What construction can learn from 1851's Crystal Palace

construction Crystal Palace

What construction can learn from 1851's Crystal Palace

What construction can learn from 1851's Crystal Palace

At a time when the construction industry is facing urgent issues around productivity, skills and sustainability, could the 19th century Crystal Palace be a source of inspiration?

The Crystal Palace featured an innovative blend of materials and construction methods with inspirational design to deliver profitability, predictability and productivity gains.

Fast-forward to today and construction has fallen behind many other sectors on each of these fronts.

Now, the government’s industrial white paper and £170m of funding is aiming to incentivise investment in productivity initiatives. The sector has been challenged to catch up.

In this context, clients, architects, main contractors and tiered suppliers would do well to look back to Joseph Paxton’s famous Crystal Palace design, which employed inventive solutions to acute problems, as well as new ways of working collaboratively right across the supply chain. 

In January 1850, civil servant and inventor Henry Cole shared with friends and associates his vision of a Great Exhibition to showcase wonders from across the British Empire. And so the Royal Commission for the exhibition of 1851 was born.
“The 33,000 iron trusses and thousands of metres of wooden flooring were manufactured in factories and transported to site for assembly”


Their plans were ambitious: they had to source and import all the artefacts and cutting-edge technologies of the day, publicise the event and prepare for the attendance of six million people. They also needed an inspirational building – four times bigger than St Paul’s Cathedral – to house the exhibition. And they only had 16 months to design, commission and build it.

After the initial 245 building designs were rejected, and with time running out, Joseph Paxton came forward and developed an innovative and revolutionary approach, which effectively brought together many of the solutions being considered today to improve productivity. These involved: 

Harnessing emergent technologies

So striking was the building’s design that it quickly became known as the Crystal Palace, on account of its use of almost one million sq ft of glass.

Sheet glass had been invented only 12 years earlier; this new production process allowed large panes of glass to be manufactured cost-effectively and in large volumes.

The project could not have succeeded without harnessing the benefits of this recent breakthrough.

Using offsite fabrication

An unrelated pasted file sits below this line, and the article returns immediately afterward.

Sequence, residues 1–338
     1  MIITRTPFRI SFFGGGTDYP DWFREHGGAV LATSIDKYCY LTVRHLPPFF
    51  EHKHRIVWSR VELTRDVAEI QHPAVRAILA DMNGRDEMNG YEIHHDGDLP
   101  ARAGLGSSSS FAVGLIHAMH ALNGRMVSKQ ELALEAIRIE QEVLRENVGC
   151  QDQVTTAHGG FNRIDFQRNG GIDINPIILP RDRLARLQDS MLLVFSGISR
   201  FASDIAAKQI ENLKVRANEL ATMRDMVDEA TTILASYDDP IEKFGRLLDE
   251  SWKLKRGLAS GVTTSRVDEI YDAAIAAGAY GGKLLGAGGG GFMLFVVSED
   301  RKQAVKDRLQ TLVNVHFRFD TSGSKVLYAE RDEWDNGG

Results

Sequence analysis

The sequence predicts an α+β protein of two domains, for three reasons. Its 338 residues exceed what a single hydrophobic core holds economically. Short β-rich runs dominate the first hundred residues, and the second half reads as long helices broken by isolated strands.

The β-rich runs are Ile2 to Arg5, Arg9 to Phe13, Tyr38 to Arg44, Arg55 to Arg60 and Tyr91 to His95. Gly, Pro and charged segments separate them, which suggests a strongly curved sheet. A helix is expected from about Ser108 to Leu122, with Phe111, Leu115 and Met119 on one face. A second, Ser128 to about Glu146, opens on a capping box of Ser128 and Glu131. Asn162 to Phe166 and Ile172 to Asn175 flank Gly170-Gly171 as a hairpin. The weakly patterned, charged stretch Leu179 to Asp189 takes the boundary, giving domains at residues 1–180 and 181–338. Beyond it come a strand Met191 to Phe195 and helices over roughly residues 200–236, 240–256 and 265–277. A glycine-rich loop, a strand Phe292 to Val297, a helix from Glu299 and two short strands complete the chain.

The Crystal Palace used just under 300,000 panes of glass that came almost exclusively from the Midlands.

Likewise, the 33,000 iron trusses and thousands of metres of wooden flooring were manufactured in factories and transported to site for assembly.

Taking advantage of fiscal opportunities

The Crystal Palace took full advantage of changes in government policy. The Glass Levy was abolished in 1845, as was the Window Tax in 1851.

Combined with the advances in technology, the cost of glass fell by more than 50 per cent in a decade, making Paxton’s design highly cost-effective.

Employing modular and flow methods

At the building’s heart was a single component: a cast-iron truss, 3 ft (0.91 m) wide and 23 ft 3 in (7.15 m) long.

This was fitted together with matching trusses to create a frame on which to hang the vast quantities of standardised glass.

The supply base relished having a reliable, predictable client, and was able to lower costs and lead times.

This approach allowed the largest building in the world – measuring 1,851 ft (564 m) long, by 408 ft (124 m) wide by 110 ft (34 m) high – to be constructed ‘in flow’ in Hyde Park in under 35 weeks.

Developing design-build systems

Paxton designed with highly efficient methods of construction.

For instance, the building’s design allowed for a special mobile platform to move along the roof supports, enabling workers to install 18,000 panes of glass per week.

The 32 km of guttering were installed using a machine that worked its way along the building, allowing a small team to install 610 m of guttering each day (traditional methods would have required more than 300 workers).

Delivered on time and on budget

The wonder of the completed building greatly enhanced the appeal of the artefacts inside, swelled crowds, and contributed to a profit of £18.5m (in today’s value), which was used to found the Victoria and Albert, Science and Natural History museums that now stand on the site.

In terms of sustainability, the whole building was dismantled and reconstructed in 1854 at Sydenham Hill, south London – the area now known as Crystal Palace – where it stood until destroyed by fire in 1936.

Importantly for the sector, the groundbreaking design demonstrated some astounding productivity gains, and was delivered on time and within budget for only £80,000 (about £8m today).

Where better to look for inspiration to deliver breakthrough gains, at a time when they are once again very much needed?

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